Saturday 19 August 2017

Justice Minister receives report into GSOC accessing journalists' phones more than a year overdue

Tánaiste and Justice Minister Frances Fitzgerald addresses the GRA conference. Photo: Conor Ó Mearáin
Tánaiste and Justice Minister Frances Fitzgerald addresses the GRA conference. Photo: Conor Ó Mearáin
Conor Feehan

Conor Feehan

Justice Minister Frances Fitzgerald has received the report she ordered 15 months ago from Chief Justice John Murray into the legislation behind the accessing of journalists phones by GSOC.

She gave Justice Murray three months to come up with the report in January last year, making it more than a year overdue.

The minister has forwarded the report to the Attorney General and said she will make a statement on it today.

The controversy arose after it emerged that the Garda Siochana Ombudsman Commission (GSOC) obtained the phone records of two journalists following a complaint from an associate of the late model Katy French.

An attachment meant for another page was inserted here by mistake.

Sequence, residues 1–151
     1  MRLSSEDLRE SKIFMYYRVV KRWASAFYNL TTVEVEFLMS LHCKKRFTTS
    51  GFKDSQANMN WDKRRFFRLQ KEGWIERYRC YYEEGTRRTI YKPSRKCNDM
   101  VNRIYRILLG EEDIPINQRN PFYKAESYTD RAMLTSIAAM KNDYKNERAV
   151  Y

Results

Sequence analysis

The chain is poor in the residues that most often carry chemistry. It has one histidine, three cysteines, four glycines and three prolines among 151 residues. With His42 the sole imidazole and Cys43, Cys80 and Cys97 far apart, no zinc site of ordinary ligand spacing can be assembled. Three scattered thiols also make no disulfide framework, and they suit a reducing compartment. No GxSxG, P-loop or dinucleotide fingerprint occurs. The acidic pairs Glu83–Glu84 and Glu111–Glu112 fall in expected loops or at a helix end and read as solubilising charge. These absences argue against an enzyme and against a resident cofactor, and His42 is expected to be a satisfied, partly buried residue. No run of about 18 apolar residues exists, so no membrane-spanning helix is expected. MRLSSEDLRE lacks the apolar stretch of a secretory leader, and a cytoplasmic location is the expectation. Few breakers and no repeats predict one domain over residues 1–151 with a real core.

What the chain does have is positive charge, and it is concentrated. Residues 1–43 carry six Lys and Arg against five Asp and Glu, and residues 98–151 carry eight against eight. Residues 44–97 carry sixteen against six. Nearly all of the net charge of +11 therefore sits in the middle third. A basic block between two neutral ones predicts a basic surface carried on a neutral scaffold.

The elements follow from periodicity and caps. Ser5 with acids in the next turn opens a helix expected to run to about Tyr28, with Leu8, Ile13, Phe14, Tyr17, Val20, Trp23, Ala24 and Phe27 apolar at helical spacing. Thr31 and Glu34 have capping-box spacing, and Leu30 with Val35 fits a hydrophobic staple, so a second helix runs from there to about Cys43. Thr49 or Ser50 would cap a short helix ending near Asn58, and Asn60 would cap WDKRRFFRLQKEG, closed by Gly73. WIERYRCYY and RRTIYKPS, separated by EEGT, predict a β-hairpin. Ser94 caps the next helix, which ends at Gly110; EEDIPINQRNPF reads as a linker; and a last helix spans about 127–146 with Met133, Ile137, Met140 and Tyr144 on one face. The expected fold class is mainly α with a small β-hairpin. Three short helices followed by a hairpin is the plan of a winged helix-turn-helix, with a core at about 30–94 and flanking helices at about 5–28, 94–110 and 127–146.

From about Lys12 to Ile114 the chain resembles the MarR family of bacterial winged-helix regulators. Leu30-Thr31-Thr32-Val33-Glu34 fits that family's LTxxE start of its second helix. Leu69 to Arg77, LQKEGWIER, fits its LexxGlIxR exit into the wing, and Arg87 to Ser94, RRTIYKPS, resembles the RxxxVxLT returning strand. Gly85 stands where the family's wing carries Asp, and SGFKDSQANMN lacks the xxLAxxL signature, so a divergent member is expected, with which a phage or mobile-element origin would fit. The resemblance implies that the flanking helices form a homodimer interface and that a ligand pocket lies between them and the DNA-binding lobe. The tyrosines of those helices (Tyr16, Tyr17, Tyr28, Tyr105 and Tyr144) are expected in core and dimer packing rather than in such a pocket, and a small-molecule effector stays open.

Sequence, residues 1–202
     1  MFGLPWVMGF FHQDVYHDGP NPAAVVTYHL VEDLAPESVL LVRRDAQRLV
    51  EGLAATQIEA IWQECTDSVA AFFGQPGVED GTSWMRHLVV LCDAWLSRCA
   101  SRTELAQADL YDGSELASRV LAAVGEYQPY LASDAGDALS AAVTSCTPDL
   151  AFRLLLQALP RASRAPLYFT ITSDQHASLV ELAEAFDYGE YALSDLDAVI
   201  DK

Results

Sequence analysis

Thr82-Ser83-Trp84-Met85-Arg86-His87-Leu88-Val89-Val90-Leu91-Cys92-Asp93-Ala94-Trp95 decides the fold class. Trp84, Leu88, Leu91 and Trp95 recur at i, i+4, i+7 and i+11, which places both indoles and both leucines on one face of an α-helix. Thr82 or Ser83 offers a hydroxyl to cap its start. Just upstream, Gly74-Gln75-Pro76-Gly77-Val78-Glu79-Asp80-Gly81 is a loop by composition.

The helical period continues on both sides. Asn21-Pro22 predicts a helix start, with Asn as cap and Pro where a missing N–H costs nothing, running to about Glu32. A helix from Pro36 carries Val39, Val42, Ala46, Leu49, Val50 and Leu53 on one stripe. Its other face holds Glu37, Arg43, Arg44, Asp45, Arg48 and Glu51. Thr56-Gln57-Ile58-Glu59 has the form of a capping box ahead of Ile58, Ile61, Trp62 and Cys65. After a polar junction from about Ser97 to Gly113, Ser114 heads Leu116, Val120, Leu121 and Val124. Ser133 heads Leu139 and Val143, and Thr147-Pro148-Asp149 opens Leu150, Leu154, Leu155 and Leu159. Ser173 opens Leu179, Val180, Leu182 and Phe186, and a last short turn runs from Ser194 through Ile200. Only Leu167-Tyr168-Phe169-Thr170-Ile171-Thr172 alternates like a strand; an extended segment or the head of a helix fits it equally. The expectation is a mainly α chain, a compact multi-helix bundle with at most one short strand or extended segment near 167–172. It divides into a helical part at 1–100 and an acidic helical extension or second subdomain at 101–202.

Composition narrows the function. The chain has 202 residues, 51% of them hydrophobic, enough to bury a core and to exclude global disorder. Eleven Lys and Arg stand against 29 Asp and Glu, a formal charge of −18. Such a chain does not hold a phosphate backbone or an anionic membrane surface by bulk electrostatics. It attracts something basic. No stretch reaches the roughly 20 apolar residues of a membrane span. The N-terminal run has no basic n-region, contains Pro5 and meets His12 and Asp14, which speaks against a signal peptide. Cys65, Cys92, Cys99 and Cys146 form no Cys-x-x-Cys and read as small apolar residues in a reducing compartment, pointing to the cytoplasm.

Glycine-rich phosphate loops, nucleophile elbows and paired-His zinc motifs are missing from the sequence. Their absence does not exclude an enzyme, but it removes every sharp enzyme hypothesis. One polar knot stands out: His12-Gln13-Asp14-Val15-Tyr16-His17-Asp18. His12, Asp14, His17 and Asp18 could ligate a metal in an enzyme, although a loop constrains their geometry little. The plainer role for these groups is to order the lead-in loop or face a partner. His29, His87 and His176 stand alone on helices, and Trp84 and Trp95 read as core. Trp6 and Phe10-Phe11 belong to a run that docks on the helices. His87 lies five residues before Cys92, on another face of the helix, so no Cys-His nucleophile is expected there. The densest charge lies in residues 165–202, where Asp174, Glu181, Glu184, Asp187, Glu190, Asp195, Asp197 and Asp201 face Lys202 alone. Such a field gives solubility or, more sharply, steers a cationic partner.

Civil rights groups and the National Union of Journalists have strongly criticised legislation which dates from 2011 and gives GSOC the power to access such records without informing the journalists.

In a statement released this afternoon, the Department of Justice confirmed that Ms Fitzgerald received the report.

"The Tánaiste has forwarded a copy of the report to the Attorney General for her consideration, particularly against the background of recent findings by the European Court of Justice in this area of law. Following that the Tánaiste will bring Mr. Justice Murray’s report to the Government with a view to its publication.

"The Tánaiste is grateful to Mr. Justice Murray for his extensive work, carried out on a pro bono basis, leading to this comprehensive review of the complex and evolving law in relation to data retention."

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